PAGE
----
5. Should all blood thinners be stopped a week before surgery? This is a complicated issue, and the answer depends on which blood thinner has been prescribed and why.  If you have coronary artery stents, for example, you may be told to stop clopidogrel (Plavix) a week before surgery, but continue taking baby aspirin.  If you are taking warfarin (Coumadin) for an irregular heartbeat or an artificial heart valve, you may be advised to stop taking it and switch to a shorter-acting blood thinner for a few days.  Your surgeon and your cardiologist should agree on the best plan for your situation.  Don’t just follow pre-printed instructions that the office staff may give you; talk to all your physicians in advance to be clear about the safest plan for you.

6. Should I bring a list of my medications with me, or can I assume that the hospital will have all the information? Unfortunately, communication between doctor’s offices and hospitals isn’t always perfect, and your medical records may not be complete when you arrive for surgery.  It’s always a great idea to bring a list of your medications and doses, as well as a written summary of your medical conditions and previous operations you may have had.

7. Do I have to discuss how much I drink or smoke? If you’re uncomfortable discussing your current use of alcohol, tobacco, pain medications, marijuana, sedatives, or anything else while family members are present, just say goodbye to them and send them to the waiting area so that you can have a private conversation with your physician anesthesiologist and nurses.  We aren’t judgmental, and we really do need to know.  Routine use of alcohol, pain medications or sedatives can affect the amount of anesthesia you may need.  Smoking damages the lungs –so please be honest with us about your current habits.  You may safely keep to yourself how much of anything, legal or illegal, you smoked in your youth.

8. Do I need to mention cosmetic surgery? Again, if you don’t want family members or visitors to know, just ask them to say goodbye and wait outside.  But please tell us.  Eyelid surgery (blepharoplasty) may cause your eyes to close incompletely when you’re under anesthesia.  If we know about it, we can take extra precautions to protect your eyes from dryness or corneal abrasion.  Chin implants may conceal a difficult airway.  Breast implants may be at risk of injury during lung surgery, and tummy tucks can affect wound healing after abdominal surgery.  So please let your doctors and nurses know about all your operations.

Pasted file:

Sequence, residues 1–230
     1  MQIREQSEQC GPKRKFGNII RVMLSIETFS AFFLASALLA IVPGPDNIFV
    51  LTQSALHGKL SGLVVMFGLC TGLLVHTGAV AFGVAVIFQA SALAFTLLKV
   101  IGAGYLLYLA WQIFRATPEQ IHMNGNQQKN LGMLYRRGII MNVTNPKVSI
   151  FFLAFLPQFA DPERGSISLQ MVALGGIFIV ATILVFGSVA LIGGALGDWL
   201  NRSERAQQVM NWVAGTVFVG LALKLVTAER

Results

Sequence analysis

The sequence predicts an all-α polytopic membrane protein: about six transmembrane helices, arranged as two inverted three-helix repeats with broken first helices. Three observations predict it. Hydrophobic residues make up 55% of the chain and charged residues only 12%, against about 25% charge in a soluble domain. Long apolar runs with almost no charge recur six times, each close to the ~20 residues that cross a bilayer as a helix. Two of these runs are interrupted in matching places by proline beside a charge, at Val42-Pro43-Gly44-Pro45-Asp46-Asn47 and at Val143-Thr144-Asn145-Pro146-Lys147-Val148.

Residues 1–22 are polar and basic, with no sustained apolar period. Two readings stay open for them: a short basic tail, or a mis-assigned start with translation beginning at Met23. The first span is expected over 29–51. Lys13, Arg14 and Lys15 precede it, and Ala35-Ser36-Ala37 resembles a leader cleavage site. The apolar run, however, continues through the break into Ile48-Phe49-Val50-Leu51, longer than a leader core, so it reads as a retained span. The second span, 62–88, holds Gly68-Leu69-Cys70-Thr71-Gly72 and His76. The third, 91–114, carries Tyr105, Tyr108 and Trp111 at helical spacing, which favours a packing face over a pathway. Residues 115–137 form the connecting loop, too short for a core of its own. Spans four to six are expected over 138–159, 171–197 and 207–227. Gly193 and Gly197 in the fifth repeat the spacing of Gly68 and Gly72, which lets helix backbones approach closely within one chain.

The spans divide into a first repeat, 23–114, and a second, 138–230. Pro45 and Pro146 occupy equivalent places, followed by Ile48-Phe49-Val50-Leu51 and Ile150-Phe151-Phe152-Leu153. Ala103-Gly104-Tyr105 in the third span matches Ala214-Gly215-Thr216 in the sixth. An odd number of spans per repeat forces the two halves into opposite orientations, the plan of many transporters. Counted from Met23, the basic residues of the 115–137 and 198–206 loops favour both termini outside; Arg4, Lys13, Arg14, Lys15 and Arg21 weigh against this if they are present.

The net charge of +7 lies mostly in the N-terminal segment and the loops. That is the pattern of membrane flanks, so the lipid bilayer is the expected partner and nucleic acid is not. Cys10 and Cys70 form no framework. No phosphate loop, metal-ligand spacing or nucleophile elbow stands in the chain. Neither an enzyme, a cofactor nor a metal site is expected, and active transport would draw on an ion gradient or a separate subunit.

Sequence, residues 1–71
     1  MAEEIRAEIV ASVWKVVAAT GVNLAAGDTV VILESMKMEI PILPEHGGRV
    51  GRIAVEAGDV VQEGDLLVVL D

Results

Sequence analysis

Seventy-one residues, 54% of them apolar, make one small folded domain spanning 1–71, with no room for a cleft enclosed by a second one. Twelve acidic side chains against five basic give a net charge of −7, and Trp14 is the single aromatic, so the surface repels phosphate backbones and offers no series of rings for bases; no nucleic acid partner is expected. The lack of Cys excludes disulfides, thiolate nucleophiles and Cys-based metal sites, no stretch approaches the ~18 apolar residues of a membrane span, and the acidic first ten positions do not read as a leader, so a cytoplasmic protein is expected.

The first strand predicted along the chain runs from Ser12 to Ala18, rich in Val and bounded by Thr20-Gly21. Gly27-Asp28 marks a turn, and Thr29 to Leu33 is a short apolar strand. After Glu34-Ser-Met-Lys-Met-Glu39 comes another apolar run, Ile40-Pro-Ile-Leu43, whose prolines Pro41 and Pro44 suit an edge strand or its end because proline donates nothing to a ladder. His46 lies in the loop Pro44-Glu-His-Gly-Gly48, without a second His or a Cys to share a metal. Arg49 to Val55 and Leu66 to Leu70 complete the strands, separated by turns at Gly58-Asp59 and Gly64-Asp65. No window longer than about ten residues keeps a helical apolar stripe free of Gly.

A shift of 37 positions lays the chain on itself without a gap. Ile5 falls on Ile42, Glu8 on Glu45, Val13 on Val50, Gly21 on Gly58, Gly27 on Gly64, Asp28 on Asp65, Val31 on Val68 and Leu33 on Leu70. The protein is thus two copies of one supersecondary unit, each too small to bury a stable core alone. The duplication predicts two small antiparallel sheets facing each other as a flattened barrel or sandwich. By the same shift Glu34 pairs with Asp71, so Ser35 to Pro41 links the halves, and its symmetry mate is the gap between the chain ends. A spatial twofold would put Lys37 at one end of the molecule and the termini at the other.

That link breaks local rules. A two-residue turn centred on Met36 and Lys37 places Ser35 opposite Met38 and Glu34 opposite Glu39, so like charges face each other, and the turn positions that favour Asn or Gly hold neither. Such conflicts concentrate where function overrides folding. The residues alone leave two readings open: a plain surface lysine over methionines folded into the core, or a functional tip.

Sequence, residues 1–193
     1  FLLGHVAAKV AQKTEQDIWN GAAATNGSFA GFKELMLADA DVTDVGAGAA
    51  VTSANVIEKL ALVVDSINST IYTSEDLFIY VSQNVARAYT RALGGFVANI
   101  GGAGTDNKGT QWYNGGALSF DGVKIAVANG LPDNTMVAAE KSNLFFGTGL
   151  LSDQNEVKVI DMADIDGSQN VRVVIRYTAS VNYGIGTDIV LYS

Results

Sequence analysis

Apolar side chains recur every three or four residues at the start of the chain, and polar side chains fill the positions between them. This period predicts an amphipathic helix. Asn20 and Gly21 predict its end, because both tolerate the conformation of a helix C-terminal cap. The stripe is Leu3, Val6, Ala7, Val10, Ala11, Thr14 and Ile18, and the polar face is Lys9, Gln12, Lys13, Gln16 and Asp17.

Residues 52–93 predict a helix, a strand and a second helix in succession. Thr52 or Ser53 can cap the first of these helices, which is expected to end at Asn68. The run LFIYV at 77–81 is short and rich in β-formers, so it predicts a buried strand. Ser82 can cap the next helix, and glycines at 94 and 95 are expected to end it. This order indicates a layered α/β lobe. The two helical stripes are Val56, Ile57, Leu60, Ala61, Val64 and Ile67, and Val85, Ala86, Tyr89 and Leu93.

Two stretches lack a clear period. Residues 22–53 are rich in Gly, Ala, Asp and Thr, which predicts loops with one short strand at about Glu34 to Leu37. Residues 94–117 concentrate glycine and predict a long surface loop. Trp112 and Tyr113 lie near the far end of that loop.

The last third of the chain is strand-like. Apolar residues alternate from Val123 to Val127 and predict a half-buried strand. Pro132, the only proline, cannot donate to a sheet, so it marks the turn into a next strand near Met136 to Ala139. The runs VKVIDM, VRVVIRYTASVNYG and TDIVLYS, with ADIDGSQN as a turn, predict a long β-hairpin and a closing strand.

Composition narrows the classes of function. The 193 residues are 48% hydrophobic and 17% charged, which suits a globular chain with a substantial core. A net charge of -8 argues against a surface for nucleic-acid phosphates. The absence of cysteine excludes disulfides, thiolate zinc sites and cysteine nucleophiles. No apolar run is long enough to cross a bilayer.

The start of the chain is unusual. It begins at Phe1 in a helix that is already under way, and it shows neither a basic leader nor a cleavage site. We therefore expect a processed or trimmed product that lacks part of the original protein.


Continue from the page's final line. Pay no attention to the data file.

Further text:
9. Are older patients at risk for confusion after anesthesia? Older patients who already have signs of confusion or dementia are at risk for increasing confusion (also known as postoperative delirium) after anesthesia and surgery.  Patients who have had a stroke or a mini-stroke (TIA) are also at higher risk.  If this is a concern, speak with the physician anesthesiologist, who can explain more about anesthesia techniques and monitoring that will reduce the chance of problems.  The physician anesthesiologist may recommend regional anesthesia (spinal, epidural or nerve block) if it is appropriate for the surgery.

10. Why is it important not to eat or drink anything after midnight? The answer to this question is the same for patients of any age.  When a patient is unconscious or sedated, food or liquid in the stomach could come back up into the throat and get into the lungs, causing dangerous pneumonia.  Solid foods and creamy liquids are the worst offenders.  If your surgery is scheduled later in the afternoon, you may be permitted to have water or clear liquids up to six hours before the procedure.

If you have special concerns or risk factors for anesthesia, your surgeon or your hospital should be able to arrange for consultation with a physician anesthesiologist ahead of time.  Otherwise, you will meet your physician anesthesiologist on the morning of surgery, and he or she will explain the anesthesia plan and answer any questions you and your family may have.  Check your hospital’s website; many have information about the physician anesthesiologists who practice there.

For more information about anesthesia, please visit the American Society of Anesthesiologists website for patients and families.

Karen S. Sibert is an associate professor of anesthesiology, Cedars-Sinai Medical Center.  She blogs at A Penned Point.